From SLAC News Center: “World’s Largest Digital Camera Project Passes Critical Milestone”

April 24, 2012
by Andy Freeberg

“A 3.2 billion-pixel digital camera designed by SLAC is now one step closer to reality. The Large Synoptic Survey Telescope camera, which will capture the widest, fastest and deepest view of the night sky ever observed, has received “Critical Decision 1” approval by the U.S. Department of Energy (DOE) to move into the next stage of the project.

The Large Synoptic Survey Telescope (LSST) will survey the entire visible sky every week, creating an unprecedented public archive of data – about 6 million gigabytes per year, the equivalent of shooting roughly 800,000 images with a regular eight-megapixel digital camera every night, but of much higher quality and scientific value. Its deep and frequent cosmic vistas will help answer critical questions about the nature of dark energy and dark matter and aid studies of near-Earth asteroids, Kuiper belt objects, the structure of our galaxy and many other areas of astronomy and fundamental physics.

‘With 189 sensors and over 3 tons of components that have to be packed into an extremely tight space, you can imagine this is a very complex instrument,’ said Nadine Kurita, the project manager for the LSST camera at SLAC. ‘But given the enormous challenges required to provide such a comprehensive view of the universe, it’s been an incredible opportunity to design something so unique.’ ”

See the full article here.

The effort to build the LSST is led by the LSST Corporation, a non-profit 501(c)3 corporation formed in 2003, with headquarters in Tucson, AZ. Financial support for LSST comes from the National Science Foundation with additional contributions from private foundation gifts, grants to universities, and in-kind support from Department of Energy laboratories and other LSST Member Institutions. In 2011, the LSST construction project was established as an operating center under management of the Association of Universities for Research in Astronomy (AURA).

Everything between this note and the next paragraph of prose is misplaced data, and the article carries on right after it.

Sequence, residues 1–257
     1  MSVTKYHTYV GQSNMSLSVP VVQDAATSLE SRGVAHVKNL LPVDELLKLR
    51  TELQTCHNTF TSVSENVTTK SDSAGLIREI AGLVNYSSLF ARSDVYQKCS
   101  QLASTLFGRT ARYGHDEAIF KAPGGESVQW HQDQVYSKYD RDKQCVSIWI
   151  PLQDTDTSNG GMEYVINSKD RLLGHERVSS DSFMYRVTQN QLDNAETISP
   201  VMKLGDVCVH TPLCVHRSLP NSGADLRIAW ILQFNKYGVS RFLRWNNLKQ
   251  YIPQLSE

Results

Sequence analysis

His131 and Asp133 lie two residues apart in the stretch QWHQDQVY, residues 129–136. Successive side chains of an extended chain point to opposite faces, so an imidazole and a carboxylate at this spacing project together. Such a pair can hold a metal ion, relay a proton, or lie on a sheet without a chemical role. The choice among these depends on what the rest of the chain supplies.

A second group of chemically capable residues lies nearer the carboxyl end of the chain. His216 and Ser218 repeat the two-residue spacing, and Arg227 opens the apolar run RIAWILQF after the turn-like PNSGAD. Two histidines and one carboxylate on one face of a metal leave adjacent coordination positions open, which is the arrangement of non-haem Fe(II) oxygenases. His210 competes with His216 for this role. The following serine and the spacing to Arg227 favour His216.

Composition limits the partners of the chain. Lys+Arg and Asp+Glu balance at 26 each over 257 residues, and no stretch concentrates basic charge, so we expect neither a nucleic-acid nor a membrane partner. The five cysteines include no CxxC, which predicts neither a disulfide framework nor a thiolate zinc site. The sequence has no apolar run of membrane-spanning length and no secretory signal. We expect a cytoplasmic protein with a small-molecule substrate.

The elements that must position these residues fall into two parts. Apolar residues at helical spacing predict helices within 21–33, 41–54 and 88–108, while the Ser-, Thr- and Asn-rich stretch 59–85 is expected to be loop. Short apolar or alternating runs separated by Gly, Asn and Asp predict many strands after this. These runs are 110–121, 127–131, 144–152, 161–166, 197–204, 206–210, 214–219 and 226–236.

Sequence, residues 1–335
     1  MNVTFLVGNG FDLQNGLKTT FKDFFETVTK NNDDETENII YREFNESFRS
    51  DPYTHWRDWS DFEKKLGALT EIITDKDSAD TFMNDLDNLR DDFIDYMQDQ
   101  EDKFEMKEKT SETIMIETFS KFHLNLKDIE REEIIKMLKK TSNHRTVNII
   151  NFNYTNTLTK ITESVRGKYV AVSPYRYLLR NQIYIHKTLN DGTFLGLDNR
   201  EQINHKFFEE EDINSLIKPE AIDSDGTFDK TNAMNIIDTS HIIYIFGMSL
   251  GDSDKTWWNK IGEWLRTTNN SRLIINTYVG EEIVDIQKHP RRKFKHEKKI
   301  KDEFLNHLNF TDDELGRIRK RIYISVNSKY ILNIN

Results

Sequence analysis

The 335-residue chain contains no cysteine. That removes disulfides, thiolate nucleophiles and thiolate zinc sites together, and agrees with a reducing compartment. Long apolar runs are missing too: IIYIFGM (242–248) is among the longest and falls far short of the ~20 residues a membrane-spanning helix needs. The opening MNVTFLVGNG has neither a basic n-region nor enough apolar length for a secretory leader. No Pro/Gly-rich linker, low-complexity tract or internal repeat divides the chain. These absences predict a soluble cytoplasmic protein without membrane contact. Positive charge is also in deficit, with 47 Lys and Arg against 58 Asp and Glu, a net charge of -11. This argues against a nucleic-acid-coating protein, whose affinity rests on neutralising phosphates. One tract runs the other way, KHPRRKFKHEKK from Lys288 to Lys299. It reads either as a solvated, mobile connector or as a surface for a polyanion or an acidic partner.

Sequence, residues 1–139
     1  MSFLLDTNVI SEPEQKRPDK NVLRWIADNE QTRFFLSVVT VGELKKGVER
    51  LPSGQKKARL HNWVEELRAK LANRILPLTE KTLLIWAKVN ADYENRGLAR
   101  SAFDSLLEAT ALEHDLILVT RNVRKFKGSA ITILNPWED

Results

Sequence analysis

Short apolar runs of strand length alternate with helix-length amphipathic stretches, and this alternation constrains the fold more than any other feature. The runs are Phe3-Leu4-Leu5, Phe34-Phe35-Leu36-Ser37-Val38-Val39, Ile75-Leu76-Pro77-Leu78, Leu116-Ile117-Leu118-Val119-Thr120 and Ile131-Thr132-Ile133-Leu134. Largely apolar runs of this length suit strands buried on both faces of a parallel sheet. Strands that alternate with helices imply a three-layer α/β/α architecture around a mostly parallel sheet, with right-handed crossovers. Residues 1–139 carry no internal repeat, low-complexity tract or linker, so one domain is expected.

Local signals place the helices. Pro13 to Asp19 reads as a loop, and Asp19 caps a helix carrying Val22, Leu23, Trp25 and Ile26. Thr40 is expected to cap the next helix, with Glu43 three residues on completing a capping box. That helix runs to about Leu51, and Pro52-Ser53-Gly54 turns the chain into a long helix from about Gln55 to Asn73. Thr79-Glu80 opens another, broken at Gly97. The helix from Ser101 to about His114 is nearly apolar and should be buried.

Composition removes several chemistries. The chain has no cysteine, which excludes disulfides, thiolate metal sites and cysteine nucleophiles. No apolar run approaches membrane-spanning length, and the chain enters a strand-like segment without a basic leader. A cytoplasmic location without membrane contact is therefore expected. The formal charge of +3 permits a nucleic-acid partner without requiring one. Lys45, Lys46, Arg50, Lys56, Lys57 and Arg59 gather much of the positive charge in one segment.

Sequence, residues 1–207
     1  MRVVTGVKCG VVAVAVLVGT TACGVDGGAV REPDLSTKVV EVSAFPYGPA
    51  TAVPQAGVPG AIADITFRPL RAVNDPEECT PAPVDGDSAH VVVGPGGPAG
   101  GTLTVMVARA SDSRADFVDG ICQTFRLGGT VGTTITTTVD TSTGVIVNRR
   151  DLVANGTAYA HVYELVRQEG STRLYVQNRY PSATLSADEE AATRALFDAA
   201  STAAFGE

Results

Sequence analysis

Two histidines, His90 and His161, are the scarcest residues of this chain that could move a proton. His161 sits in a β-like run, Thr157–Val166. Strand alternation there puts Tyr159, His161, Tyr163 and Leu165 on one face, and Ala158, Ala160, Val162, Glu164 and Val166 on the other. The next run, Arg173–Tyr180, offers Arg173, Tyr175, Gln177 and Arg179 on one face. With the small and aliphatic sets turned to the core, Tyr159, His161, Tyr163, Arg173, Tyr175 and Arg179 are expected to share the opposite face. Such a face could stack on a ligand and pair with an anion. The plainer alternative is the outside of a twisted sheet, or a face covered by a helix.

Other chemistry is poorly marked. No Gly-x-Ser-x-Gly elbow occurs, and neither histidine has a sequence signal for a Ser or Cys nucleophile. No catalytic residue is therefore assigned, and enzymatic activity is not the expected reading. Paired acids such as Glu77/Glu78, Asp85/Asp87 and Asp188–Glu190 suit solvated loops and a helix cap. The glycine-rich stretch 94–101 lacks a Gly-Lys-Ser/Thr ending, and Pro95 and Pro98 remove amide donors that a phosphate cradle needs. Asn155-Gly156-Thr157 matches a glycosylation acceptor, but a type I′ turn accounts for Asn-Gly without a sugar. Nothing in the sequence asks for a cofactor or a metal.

Institutional Members
Last Revision 1/19/2011

Adler Planetarium
Brookhaven National Laboratory (BNL)
California Institute of Technology
Carnegie Mellon University
Cornell University
Drexel University
Fermi National Accelerator Laboratory
George Mason University
Google, Inc.
Harvard-Smithsonian Center for Astrophysics
Institut de Physique Nucleaire et de Physique des Particules (IN2P3)
Johns Hopkins University
Kavli Institute for Particle Astrophysics and Cosmology (KIPAC) – Stanford University
Las Cumbres Observatory Global Telescope Network, Inc.
Lawrence Livermore National Laboratory (LLNL)
Los Alamos National Laboratory (LANL)
National Optical Astronomy Observatory*
National Radio Astronomy Observatory
Princeton University
Purdue University
Research Corporation for Science Advancement*
Rutgers University
SLAC National Accelerator Laboratory
Space Telescope Science Institute
Texas A & M University
The Pennsylvania State University
The University of Arizona*
University of California at Davis
University of California at Irvine
University of Illinois at Urbana-Champaign
University of Michigan
University of Pennsylvania
University of Pittsburgh
University of Washington*
Vanderbilt University

SLAC is a multi-program laboratory exploring frontier questions in photon science, astrophysics, particle physics and accelerator research. Located in Menlo Park, California, SLAC is operated by Stanford University for the DOE’s Office of Science. i1